Department of Transportation

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Through the Years - 1960s

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David J. Goldberg
1966 - 1970
New Jersey anticipated the new United States Department ofTransportation (USDOT) by four months when the Legislature passed the Transportation Act which created the New Jersey Department of Transportation (NJDOT) in 1966. As part of the Transportation Act, the Commuter Operating Agency (COA) was established to provide commuter rail services. David I. Goldberg was named the first Commissioner to lead NJDOT.

A significant effort in the 1960s was the plan to consolidate passenger railroads. Called the Aldene Plan after a rail junction in Cranford, New Jersey, it went into effect in April 1967 with the following results:

  • Jersey Central's terminals in Jersey City and Newark were abandoned
  • tracks and signals were improved
  • a new passenger station in Roselle Park was provided
  • a terminal and storage yards were installed in Harrison
  • $1.5 million annually was saved.

When the Penn Central Railroad and smaller railroads serving New Jersey declared bankruptcy, the federal government intervened and Conrail was established. NJDOT's Bureau of Ports, Terminals and Freight Services was formed to oversee federal programs designed to mitigate the impacts of railroad organization.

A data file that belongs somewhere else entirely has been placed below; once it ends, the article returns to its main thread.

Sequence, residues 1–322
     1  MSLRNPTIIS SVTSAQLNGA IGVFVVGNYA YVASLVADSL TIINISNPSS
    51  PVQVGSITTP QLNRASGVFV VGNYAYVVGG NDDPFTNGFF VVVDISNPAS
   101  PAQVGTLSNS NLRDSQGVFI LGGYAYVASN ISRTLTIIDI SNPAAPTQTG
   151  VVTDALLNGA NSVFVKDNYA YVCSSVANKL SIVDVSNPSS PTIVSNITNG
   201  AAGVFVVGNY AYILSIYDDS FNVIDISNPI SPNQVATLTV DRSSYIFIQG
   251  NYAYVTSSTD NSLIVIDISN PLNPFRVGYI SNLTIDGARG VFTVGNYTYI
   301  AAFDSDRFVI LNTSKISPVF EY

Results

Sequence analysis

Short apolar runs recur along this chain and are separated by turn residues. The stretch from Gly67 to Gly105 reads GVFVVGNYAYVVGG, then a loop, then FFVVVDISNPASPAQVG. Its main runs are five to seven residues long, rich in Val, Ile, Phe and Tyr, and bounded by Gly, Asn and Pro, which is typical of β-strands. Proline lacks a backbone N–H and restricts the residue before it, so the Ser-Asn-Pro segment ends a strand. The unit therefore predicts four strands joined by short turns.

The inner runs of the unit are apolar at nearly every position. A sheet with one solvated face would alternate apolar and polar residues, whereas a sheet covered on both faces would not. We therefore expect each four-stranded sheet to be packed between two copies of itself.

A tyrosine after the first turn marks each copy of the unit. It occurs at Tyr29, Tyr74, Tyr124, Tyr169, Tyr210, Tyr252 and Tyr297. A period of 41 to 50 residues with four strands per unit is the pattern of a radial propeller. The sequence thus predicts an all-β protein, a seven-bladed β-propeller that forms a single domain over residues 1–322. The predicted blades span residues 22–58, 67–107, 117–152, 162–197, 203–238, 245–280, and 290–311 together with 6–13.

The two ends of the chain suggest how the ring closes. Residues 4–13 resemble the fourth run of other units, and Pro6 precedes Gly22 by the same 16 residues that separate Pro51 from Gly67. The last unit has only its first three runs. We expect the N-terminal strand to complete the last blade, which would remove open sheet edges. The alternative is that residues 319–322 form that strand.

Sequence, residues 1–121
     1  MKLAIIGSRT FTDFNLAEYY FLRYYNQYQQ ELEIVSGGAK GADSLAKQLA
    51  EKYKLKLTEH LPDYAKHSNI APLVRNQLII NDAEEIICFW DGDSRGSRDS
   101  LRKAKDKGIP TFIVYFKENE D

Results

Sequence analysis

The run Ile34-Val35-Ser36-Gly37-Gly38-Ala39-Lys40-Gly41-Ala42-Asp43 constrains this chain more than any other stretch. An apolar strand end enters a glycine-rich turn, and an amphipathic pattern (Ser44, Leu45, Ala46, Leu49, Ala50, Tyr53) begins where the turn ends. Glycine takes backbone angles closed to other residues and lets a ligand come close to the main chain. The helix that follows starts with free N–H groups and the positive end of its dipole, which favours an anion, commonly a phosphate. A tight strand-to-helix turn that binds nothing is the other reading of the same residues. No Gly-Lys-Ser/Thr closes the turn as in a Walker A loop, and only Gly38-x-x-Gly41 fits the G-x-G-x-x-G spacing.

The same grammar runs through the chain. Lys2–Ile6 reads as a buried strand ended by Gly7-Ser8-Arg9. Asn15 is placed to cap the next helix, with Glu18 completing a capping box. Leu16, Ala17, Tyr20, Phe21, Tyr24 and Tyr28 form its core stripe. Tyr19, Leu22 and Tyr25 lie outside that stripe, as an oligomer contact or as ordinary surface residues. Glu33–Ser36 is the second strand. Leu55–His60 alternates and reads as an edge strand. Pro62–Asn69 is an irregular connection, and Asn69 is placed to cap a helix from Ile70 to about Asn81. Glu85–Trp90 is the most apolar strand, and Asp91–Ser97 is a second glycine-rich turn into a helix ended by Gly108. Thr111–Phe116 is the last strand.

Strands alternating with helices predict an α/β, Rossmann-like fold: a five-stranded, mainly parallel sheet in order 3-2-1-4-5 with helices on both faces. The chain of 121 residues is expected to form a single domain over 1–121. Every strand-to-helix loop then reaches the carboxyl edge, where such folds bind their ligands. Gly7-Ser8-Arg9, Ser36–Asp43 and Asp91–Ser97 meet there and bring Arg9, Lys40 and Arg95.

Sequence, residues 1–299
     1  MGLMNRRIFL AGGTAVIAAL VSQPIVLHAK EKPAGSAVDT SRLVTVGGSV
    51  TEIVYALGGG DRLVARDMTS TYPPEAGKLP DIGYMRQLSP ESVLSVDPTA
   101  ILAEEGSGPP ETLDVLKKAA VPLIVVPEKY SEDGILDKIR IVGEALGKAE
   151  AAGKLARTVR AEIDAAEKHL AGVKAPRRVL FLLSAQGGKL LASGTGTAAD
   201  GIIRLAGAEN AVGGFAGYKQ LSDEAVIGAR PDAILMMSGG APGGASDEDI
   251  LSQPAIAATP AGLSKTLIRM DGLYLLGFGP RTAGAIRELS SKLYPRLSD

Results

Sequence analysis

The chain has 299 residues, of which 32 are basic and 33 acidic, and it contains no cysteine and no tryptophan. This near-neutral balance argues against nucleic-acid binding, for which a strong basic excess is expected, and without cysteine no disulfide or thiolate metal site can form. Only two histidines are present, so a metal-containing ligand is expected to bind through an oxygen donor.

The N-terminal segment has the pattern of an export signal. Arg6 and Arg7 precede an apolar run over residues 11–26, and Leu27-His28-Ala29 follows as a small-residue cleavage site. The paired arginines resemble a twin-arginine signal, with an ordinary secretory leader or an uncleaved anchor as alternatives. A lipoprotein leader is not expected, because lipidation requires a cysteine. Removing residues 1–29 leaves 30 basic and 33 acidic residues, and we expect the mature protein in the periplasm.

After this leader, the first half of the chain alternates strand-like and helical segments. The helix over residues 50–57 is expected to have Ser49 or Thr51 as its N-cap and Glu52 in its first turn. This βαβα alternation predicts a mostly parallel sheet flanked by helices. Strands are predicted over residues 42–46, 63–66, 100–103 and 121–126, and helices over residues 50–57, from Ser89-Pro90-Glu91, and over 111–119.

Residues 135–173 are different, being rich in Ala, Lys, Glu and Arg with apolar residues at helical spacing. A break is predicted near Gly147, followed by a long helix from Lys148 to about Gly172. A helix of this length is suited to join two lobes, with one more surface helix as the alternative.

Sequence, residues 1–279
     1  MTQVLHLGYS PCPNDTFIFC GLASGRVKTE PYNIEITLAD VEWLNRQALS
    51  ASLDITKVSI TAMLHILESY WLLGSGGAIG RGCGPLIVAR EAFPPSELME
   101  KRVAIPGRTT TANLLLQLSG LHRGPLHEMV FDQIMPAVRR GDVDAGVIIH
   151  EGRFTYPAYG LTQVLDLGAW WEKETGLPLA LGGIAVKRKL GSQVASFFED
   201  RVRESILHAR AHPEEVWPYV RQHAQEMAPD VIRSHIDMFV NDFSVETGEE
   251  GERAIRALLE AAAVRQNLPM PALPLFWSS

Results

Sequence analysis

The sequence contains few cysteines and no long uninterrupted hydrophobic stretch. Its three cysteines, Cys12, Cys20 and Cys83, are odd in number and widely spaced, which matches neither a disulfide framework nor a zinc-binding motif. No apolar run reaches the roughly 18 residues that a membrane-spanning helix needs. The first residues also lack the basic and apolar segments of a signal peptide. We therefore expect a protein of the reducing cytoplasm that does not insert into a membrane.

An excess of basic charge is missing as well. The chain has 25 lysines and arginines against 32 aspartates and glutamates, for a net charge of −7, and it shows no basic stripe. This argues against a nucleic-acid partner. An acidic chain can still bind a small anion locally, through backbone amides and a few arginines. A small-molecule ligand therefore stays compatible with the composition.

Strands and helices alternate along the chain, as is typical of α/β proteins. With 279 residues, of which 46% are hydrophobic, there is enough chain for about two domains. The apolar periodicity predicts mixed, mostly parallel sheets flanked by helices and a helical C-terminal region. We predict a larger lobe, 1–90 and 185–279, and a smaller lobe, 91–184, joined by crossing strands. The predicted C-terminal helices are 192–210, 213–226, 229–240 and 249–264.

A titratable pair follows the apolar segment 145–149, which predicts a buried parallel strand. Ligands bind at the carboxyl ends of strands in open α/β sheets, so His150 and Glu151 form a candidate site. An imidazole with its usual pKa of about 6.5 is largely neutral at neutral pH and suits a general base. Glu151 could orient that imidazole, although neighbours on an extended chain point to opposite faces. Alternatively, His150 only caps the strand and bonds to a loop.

Other milestones in NJDOT's early years include:


  • Implementation of a comprehensive maintenance management system
  • Installation of milepost signs throughout the state highway system
  • Participation in the development of a snowplowable raised reflective pavement marker
  • Expansion of the Department by breaking ground for a new Finance and Administration Building


  • Development of a new departmental emblem for identifying equipment and property of NJDOT
  • Development of an optimum chemical premix for snow removal
  • Commencement of Route 29 Freeway construction
  • Operation of commuter trains on Penn Central track between Trenton and New York
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  • Introduction of the Load Concentrated Breakaway Coupling (LCBC) for large signs, a national first designed by NJDOT staff
  • Installation of the first diagrammatic traffic signs at the I-287 and Route 22 interchange
  • Announcement of the award of eight construction contracts totaling $36.5 million, the largest dollar amount of contract ever to be awarded at one time.

Last updated date: June 9, 2020 2:31 PM